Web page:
The second day was divided into three sessions; all three conducted by Ms. Nayana Udayashankar. The first session on trademarks, explored the key components of trademark law such as the different types of marks, the effects of registration, what constituted infringement and passing off. She referred to several examples of infringement and passing off found in India, making it easier for the students to contribute to the discussion with many instances of infringement that they had encountered.
The next session briefly covered domain names and the slow encroachment of trademark law into domain names, while ending with a brief but informative discussion on Geographic indicators, and their relevance to artists and designers.
The day began with a session on Design Rights conducted by Ms. Manojna Yeluri. The session examined design rights, and the manner in which they provided additional protection to designers and their works, with particular reference to the aesthetic elements of their works.
The second session of the day dealt with Patents and was conducted by Ms. Jayna Kothari who provided the students with interesting examples of patent applications, while emphasising the commercial value of such rights.
The first session conducted by Ms. Guilia Cabianca discussed a burgeoning trend of licensing in intellectual property called the Creative Commons. Creative commons is an alternate licensing regime meant to foster creativity and has proven to be especially appealing to those people who consider the present regime of intellectual property law, stifling.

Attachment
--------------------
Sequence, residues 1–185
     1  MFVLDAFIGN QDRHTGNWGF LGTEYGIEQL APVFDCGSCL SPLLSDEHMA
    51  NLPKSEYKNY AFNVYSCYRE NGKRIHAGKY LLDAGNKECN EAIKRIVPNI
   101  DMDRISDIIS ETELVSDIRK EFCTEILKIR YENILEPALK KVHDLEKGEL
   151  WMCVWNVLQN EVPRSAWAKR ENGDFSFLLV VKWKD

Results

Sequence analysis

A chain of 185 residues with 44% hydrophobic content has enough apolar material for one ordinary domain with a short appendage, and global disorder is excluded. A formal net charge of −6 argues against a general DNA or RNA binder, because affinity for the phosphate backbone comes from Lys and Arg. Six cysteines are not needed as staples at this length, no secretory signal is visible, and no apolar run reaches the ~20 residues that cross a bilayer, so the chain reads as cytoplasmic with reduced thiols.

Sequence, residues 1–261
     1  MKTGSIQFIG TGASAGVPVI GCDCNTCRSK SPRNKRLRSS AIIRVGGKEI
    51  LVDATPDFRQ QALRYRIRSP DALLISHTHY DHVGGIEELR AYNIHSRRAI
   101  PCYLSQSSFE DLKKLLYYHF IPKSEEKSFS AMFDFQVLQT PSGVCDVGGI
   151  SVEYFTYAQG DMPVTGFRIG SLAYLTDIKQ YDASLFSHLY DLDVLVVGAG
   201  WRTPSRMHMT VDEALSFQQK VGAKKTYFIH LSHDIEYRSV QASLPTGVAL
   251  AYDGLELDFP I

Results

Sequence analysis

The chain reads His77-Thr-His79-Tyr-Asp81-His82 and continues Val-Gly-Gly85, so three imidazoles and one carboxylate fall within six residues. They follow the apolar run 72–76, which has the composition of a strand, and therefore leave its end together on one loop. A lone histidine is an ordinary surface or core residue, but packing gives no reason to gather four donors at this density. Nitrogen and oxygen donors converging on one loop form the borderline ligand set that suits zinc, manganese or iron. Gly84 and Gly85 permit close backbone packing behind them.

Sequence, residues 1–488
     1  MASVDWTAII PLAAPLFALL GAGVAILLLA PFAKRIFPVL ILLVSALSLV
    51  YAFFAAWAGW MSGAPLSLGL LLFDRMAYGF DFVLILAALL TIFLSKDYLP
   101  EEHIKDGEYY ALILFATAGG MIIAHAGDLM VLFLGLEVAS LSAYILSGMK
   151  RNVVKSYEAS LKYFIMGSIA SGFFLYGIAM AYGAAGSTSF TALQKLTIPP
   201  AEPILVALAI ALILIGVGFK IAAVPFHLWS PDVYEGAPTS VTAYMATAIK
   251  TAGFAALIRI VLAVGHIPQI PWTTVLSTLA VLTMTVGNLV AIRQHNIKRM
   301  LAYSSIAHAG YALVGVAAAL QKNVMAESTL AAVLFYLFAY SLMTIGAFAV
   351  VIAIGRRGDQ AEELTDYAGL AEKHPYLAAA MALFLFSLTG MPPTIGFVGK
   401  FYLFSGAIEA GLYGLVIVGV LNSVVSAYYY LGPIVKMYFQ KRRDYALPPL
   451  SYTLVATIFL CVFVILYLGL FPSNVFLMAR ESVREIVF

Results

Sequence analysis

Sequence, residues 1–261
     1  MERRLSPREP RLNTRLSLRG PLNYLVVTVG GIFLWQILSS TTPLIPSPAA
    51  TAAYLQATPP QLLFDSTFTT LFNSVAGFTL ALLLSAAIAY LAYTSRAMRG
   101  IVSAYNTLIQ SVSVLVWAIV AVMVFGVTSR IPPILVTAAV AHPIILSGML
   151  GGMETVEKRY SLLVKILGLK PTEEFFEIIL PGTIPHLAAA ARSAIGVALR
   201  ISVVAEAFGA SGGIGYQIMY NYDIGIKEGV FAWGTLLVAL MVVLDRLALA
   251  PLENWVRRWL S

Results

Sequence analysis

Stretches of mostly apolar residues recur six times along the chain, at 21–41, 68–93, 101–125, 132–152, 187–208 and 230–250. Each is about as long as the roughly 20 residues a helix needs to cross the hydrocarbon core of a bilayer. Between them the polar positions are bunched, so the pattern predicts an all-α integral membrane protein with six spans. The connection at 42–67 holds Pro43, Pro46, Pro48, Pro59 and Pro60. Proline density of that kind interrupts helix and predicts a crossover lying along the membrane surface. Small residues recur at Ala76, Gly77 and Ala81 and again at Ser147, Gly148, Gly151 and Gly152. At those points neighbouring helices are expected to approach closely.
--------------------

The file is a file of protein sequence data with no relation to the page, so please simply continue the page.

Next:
All licenses under the Creative Commons regime require attribution to the creator of the intellectual property, and in addition, may contain a permutation and combination of non-commercial use, non derivative use, and share alike terms. The creator of the work may also prescribe a license with a ‘no rights attached’ condition, better known as the zero license. Creative commons has permeated into various fields including software, beverages, medicine, media and design. Still in its nascent stage, Creative Commons is gradually being recognized in domestic legislations and courts.
The last session of the workshop conducted by Mr. Sudhir Krishnaswamy covered integrated property rights as well as contractual elements and commercial aspects of intellectual property. This session addressed the various kinds of agreements that the students may enter into in their line of work, focusing mainly on conditions of use of their works.
Two kinds of employment models were identified namely, consultants and independent product designers. The students were then made to identify the main features of an agreement entered into with either model for use products developed by them. Through this exercise the students learnt what to look out for in any agreement entered into by them for use of their services, and how best to protect the intellectual property in the work they produce.
In conclusion, the workshop proved to be a great experience to the members of CLPR, and we hope that the students who attended the workshop, benefitted from the brief but informative sessions we provided them with.
Time 10 AM
Venue Sristi School of Art, Design and Technology